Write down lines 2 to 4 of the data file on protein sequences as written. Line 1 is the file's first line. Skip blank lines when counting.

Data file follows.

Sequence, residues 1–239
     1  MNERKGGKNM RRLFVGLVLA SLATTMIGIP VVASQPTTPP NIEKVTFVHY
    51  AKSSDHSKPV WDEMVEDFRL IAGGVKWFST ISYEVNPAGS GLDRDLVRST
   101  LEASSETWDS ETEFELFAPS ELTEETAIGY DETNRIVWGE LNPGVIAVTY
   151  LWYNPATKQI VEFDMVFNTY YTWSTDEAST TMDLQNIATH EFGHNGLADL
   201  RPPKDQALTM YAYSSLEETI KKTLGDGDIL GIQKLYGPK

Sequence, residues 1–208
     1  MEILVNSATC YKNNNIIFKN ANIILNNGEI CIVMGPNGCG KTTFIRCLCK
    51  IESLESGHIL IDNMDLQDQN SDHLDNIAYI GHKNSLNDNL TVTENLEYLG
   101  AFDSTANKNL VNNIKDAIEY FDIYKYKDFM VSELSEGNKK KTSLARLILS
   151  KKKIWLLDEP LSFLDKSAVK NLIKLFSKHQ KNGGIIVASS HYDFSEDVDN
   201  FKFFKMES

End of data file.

     1  MNERKGGKNM RRLFVGLVLA SLATTMIGIP VVASQPTTPP NIEKVTFVHY
    51  AKSSDHSKPV WDEMVEDFRL IAGGVKWFST ISYEVNPAGS GLDRDLVRST
   101  LEASSETWDS ETEFELFAPS ELTEETAIGY DETNRIVWGE LNPGVIAVTY